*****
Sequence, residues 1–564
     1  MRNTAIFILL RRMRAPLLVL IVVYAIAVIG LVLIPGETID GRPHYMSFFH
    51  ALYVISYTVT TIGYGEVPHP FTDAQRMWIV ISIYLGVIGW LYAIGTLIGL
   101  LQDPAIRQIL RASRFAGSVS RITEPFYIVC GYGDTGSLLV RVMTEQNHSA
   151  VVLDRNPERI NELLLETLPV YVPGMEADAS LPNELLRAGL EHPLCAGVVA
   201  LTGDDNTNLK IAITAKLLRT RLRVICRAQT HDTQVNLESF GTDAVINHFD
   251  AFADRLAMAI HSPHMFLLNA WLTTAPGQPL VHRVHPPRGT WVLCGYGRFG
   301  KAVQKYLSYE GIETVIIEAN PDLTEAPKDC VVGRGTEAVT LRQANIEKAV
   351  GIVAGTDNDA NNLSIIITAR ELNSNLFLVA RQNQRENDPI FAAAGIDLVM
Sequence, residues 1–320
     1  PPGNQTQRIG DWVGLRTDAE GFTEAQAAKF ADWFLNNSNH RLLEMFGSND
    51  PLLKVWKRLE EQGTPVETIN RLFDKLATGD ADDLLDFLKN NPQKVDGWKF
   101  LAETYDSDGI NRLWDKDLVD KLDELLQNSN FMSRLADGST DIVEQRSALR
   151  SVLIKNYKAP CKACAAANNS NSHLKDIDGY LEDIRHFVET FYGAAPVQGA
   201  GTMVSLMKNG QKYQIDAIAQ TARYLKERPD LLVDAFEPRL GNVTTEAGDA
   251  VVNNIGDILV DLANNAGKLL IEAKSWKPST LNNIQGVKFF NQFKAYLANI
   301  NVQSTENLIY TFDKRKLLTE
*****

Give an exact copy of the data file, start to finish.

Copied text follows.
Sequence, residues 1–564
     1  MRNTAIFILL RRMRAPLLVL IVVYAIAVIG LVLIPGETID GRPHYMSFFH
    51  ALYVISYTVT TIGYGEVPHP FTDAQRMWIV ISIYLGVIGW LYAIGTLIGL
   101  LQDPAIRQIL RASRFAGSVS RITEPFYIVC GYGDTGSLLV RVMTEQNHSA
   151  VVLDRNPERI NELLLETLPV YVPGMEADAS LPNELLRAGL EHPLCAGVVA
   201  LTGDDNTNLK IAITAKLLRT RLRVICRAQT HDTQVNLESF GTDAVINHFD
   251  AFADRLAMAI HSPHMFLLNA WLTTAPGQPL VHRVHPPRGT WVLCGYGRFG
   301  KAVQKYLSYE GIETVIIEAN PDLTEAPKDC VVGRGTEAVT LRQANIEKAV
   351  GIVAGTDNDA NNLSIIITAR ELNSNLFLVA RQNQRENDPI FAAAGIDLVM
Sequence, residues 1–320
     1  PPGNQTQRIG DWVGLRTDAE GFTEAQAAKF ADWFLNNSNH RLLEMFGSND
    51  PLLKVWKRLE EQGTPVETIN RLFDKLATGD ADDLLDFLKN NPQKVDGWKF
   101  LAETYDSDGI NRLWDKDLVD KLDELLQNSN FMSRLADGST DIVEQRSALR
   151  SVLIKNYKAP CKACAAANNS NSHLKDIDGY LEDIRHFVET FYGAAPVQGA
   201  GTMVSLMKNG QKYQIDAIAQ TARYLKERPD LLVDAFEPRL GNVTTEAGDA
   251  VVNNIGDILV DLANNAGKLL IEAKSWKPST LNNIQGVKFF NQFKAYLANI
   301  NVQSTENLIY TFDKRKLLTE